For functional considerations, the new design was to duplicate the original Spark Box in size, 60 ft wide x 20 ft deep x 40 ft tall with a triple hopper bottom and internal baffle wall. To facilitate the speed of reconstruction it was decided to repair and reuse the existing hoopers which were not severely damaged. To maintain appropriate door sizes, the box was designed in 4 tiers of about 10 ft height with the walls panelized in approximately 20 ft in lengths. Door size is important because the larger the size, the greater the rotational moment of inertia resisting the door opening rapidly when a deflagration event occurs and consequently the higher the corresponding release pressure, Pred, that had to be sustained by the roof and walls of the box as well as the doors and their hinges. The erector later decided to preassemble the wall panels into boxes for each of the 4 tiers, to be erected like the layers of a wedding cake during the shutdown. See the attached drawing. Among the custom made items that had to be selected were a gasketing material for the doors and the seal material for the joints in the walls. These materials had to withstand the operating temperatures of 1000 °F, provide an airtight seal for the negative 12 inch water gage static pressure during normal operating conditions and not be blown off the door during a deflagration event. After some discussions about the requirements with the gasket manufacturer, he made up a sample consisting of woven stainless steel cording wrapped in an asbestos fabric which was hand coated with high temperature silicone on the inside. This proved to be a very effective gasket.

Selecting hinges and latches for the doors that would be able to withstand the service and be relatively maintenance free was a challenge. The hinges are stainless steel with high temperature lubricant and can carry 6,000 lbs each. There are 3 hinges per door, the heaviest of which weighs 1,300 lbs. The required 18,000 lb hinge capacity is controlled by blast loading. The latches are also stainless steel and can be calibrated to keep the doors from being sucked open by negative wind pressure while at the same time having the ability to release during a deflagration event and re-latch after the event for continued operation of the plant.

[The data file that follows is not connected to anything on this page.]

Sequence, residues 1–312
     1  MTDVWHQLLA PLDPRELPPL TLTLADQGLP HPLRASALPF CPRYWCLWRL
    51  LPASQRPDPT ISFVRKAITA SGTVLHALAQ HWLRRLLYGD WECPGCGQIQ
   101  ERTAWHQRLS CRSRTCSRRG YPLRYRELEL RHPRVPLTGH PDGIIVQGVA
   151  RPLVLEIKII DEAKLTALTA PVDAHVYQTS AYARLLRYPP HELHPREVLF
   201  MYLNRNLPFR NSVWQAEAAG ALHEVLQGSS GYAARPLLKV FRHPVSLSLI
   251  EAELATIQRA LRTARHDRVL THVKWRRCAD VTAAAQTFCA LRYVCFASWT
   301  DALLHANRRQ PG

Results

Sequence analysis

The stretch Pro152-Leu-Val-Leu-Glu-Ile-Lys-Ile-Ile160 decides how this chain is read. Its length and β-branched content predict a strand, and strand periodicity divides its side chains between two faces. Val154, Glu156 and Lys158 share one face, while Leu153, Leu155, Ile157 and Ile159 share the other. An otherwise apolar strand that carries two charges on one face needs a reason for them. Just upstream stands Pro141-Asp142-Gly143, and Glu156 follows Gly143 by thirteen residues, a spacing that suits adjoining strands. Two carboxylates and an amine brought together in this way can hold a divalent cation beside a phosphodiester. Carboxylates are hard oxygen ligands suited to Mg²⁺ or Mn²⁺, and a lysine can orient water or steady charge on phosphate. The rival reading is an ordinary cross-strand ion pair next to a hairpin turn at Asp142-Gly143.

Once the design was completed the client solicited fabrication and erection bids from the fabricators who usually serviced the plant. No one would bid the job because they could not meet the schedule due to the shop drawing preparation time required. One fabricator offered to bid on fabrication and erection if shop drawings were supplied by the owner. In order to meet the client's needs, AMG, Inc. agreed to prepare shop drawings, which is not normally a service AMG, Inc. chooses to provide. The software, "Mechanical Desk Top, R.4", which is typically used for mechanical engineering machine design, was selected for this project. Every piece is modeled 3-D in its assembled configuration and given a piece mark. Reports can then generated for each piece for tracking purposes and a detailed 2-D shop drawing is generated for each piece from the 3-D Model. There were over 54,000 pieces required for the Spark Box, including bolts gaskets and seals, hinges and latches, etc.

The new Spark Box was tested by a deflagration event within the first week of service. It performed as intended and has continued to do so for 7 years since. It has done its job so problem free that the maintenance catwalks that were designed to provide service access to the door hardware and permit resetting the Door latches have never been purchased or installed.

Since the box was built, observation a deflagration event at night by an employee gives a better understanding of the mechanics of the phenomena than was available at the time of design. Based on the sound, the deflagration begins at the furnace and propagates through the duct until it reaches the Spark Box. The duct has tremendous reserve strength for sustaining a deflagration because it is loaded in hoop tension by the overpressure. After reaching the Spark Box the flame front bursts into it from the 10 ft diameter duct. This creates a huge ignition source, much greater in volume than the point ignition source on which the NFPA equations are based. The result is much higher over pressures than predicted by the NFPA equations.

Nevertheless, the most severe load that the box sees, based on observations of yielding patterns of the metal deck panels in some of the larger doors is the vacuum pressure created inside the box when the air is blasted out and then the doors slam closed again after an event.

The employee who witnessed the event said that when the deflagration hit the Spark Box, "sixteen doors instantly flew open and each shot out a twenty foot long fireball that looked like dragon's breath, and then it was over, with no evidence that it had ever happened".